Four Canadian wolves were recently transported by helicopter from Ontario to Michigan’s Isle Royale National Park. The wolves were relocated to help deal with the moose population on the island, and to restore the dwindling number of wolves that currently live on the island. In the past, ice bridges have connected Isle Royale to the mainland, allowing wolves to migrate. Over the last twenty years, however, these ice bridges have become inconsistent, stranding wolves on the island and preventing any newcomers. The four new wolves will join two that were relocated to the island in 2018. Over the next five years the National Park Service hopes to introduce 20 to 30 wolves to the park.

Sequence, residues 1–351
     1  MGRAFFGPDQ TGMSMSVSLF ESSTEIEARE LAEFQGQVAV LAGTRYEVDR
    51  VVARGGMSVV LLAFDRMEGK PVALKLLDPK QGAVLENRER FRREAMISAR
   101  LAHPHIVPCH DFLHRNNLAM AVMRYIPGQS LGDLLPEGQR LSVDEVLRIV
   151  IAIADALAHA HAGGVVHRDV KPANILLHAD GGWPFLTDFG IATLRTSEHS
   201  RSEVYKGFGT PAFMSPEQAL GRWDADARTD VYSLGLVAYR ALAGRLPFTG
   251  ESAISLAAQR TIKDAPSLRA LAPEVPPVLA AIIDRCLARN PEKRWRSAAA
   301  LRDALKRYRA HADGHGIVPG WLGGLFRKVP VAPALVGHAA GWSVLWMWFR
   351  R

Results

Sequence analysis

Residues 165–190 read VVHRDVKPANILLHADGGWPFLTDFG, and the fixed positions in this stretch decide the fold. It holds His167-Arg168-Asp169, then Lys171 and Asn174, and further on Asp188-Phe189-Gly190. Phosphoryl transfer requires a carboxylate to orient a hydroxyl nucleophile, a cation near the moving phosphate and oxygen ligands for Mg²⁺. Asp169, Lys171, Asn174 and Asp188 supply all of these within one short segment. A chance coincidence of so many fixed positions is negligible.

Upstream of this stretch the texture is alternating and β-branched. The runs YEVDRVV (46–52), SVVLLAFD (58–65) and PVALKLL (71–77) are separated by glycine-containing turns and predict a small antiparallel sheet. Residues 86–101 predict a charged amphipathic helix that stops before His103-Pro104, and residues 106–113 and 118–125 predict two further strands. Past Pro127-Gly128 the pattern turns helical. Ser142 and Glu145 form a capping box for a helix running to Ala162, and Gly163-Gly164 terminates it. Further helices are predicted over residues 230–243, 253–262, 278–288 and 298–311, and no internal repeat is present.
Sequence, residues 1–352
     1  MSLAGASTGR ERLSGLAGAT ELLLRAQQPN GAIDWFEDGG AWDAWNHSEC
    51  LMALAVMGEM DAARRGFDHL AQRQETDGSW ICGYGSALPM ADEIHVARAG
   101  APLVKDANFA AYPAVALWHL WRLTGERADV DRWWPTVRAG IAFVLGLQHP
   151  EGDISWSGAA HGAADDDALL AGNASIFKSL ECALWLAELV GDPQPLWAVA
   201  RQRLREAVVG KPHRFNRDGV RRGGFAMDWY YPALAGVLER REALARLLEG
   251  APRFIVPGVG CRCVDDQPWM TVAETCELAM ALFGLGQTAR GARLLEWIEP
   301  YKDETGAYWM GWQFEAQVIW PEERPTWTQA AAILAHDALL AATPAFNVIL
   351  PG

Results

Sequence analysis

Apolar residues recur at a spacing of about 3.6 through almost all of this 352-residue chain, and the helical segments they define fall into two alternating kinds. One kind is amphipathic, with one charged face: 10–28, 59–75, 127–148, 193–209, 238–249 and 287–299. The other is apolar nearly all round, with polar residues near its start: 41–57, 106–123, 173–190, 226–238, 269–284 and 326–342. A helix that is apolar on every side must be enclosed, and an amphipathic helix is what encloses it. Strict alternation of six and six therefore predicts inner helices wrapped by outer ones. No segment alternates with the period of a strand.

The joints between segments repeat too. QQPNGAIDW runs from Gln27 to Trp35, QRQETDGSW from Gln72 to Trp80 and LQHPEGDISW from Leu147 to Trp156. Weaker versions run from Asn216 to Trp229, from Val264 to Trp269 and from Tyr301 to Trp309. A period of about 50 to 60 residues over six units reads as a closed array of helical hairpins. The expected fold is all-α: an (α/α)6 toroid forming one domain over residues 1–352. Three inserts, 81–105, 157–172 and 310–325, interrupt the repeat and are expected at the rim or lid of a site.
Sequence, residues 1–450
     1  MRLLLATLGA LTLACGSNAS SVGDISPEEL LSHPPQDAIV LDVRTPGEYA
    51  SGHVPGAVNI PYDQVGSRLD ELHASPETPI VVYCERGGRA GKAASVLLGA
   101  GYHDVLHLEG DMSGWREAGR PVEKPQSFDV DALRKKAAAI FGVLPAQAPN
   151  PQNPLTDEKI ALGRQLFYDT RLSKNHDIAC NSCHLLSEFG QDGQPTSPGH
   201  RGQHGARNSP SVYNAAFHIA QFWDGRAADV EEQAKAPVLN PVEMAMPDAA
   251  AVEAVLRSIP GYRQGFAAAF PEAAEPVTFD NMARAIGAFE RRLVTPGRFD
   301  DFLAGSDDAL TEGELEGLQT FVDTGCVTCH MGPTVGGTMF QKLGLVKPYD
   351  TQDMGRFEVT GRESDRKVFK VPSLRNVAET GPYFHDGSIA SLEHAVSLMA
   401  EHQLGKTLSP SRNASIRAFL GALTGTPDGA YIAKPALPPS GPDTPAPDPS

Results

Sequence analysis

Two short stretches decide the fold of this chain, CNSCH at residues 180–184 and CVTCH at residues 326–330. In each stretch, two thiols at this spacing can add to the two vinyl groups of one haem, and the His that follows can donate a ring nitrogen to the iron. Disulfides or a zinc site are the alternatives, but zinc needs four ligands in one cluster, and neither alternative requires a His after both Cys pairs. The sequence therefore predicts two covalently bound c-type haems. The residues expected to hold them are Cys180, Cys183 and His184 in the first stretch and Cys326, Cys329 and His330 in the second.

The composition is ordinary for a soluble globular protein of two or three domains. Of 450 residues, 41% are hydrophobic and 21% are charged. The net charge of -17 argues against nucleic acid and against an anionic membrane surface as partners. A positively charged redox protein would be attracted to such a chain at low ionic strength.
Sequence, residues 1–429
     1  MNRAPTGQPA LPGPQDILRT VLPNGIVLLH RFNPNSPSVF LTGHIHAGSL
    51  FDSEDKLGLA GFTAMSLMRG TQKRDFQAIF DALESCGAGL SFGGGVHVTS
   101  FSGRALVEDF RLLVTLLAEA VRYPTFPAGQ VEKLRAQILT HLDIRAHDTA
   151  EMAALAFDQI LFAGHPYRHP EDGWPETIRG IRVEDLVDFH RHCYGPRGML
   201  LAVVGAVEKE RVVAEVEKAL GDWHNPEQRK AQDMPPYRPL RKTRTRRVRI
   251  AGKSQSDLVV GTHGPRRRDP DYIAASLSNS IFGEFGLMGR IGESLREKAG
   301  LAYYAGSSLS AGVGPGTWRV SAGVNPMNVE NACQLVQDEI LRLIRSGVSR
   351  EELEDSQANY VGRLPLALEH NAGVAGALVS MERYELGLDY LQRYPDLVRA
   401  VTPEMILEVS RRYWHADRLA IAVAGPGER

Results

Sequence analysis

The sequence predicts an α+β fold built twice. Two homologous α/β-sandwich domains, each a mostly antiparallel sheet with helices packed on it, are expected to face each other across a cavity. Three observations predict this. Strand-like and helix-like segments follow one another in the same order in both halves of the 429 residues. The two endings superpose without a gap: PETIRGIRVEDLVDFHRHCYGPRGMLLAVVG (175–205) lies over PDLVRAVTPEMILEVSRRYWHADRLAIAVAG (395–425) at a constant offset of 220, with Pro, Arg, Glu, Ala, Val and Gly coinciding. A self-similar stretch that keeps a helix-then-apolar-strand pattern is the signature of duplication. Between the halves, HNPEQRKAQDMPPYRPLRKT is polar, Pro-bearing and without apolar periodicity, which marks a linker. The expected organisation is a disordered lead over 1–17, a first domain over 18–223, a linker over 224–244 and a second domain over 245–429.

Credit: Sheng JiongStagecoach has filed a claim at the UK’s High Court in London“The… claim that has been issued and the further legal actions under preparation vary in certain respects but common to all is our refusal to accept the potential pension risks that the DfT requires operators to bear in relation to the three new franchises,” Stagecoach said. “The full extent of these risks is unknown but we estimate them to be well in excess of £1bn.”Railpen had £27.5bn assets at the end of December 2017, according to its latest annual report, but did not report its liabilities. At the time it catered for more than 340,000 members and had 169 sponsoring employers.The pension scheme has traditionally been guaranteed by the state, but Stagecoach has accused the DfT of trying to transfer ultimate responsibility for funding the deficit onto railway operators.In a letter sent in April to Frank Field, chair of the UK parliament’s Work and Pensions Select Committee, Stagecoach CEO Martin Griffiths accused the DfT of being “reckless” and “constantly changing position” regarding pension funding rules.In a statement on 2 May, Stagecoach claimed that the UK’s Pensions Regulator had estimated that Railpen had a £7.5bn shortfall and was “seeking significant additional contributions to the scheme which are as yet unquantified”.Griffiths said this week that “fundamental questions” remained unanswered surrounding franchise bidders’ exposure to pension funding risk. “In view of the legal action we have taken today we believe it would be untenable for the DfT to proceed to sign any contract for the East Midlands franchise without a full and proper review of the procurement of that franchise to help restore public confidence in the process,” he said.‘Railpen funding is everyone’s responsibility’Abellio, which already operates four UK railway routes, said ensuring that Railpen was fully funded had been an “ongoing responsibility for everyone involved in running the railway” for “many decades”.In a statement issued on 8 May the company said: “Abellio is working constructively with the pension trustees, Rail Delivery Group, employee representatives, the Department for Transport and the Pensions Regulator to maintain the pension scheme for the long term.“Abellio, along with many other multinational organisations who have submitted compliant bids for current competitions, are satisfied that the protection mechanism put in place by the Department for Transport suitably balances all parties’ risk.”In a letter to Frank Field and Lillian Greenwood, chair of parliament’s Transport Committee, the transport minister Chris Grayling said no new or additional demands had been placed on franchise bidders.He also stated that companies bidding for the East Midlands route were made fully aware of the funding position and requirements, as well as the involvement of the Pensions Regulator, and were permitted to resubmit bids in September last year in light of the information. In addition, Stagecoach said it was preparing separate legal claims against the DfT relating to its decisions on the franchises for the West Coast and South Eastern routes. It also said it would seek a judicial review of the process for the East Midlands route. A UK transport company is suing the government over its decision to ban it from bidding for three lucrative rail franchises.Stagecoach’s bids to run railway services on three routes in England were all rejected by the Department for Transport (DfT) after the company opposed a requirement to contribute to the Railways Pension Scheme (Railpen). Stagecoach has claimed it would have to shoulder more than £1bn (€1.2bn) of potential pension costs to comply with the department’s bidding rules.The group announced on 8 May that it had issued a claim in the UK’s High Court in London alleging that the transport ministry had “breached its statutory duties… in connection with the procurement of the new East Midlands rail franchise”.The franchise was officially awarded to Abellio – part of Dutch transport firm Nederlandse Spoorwegen – earlier this week.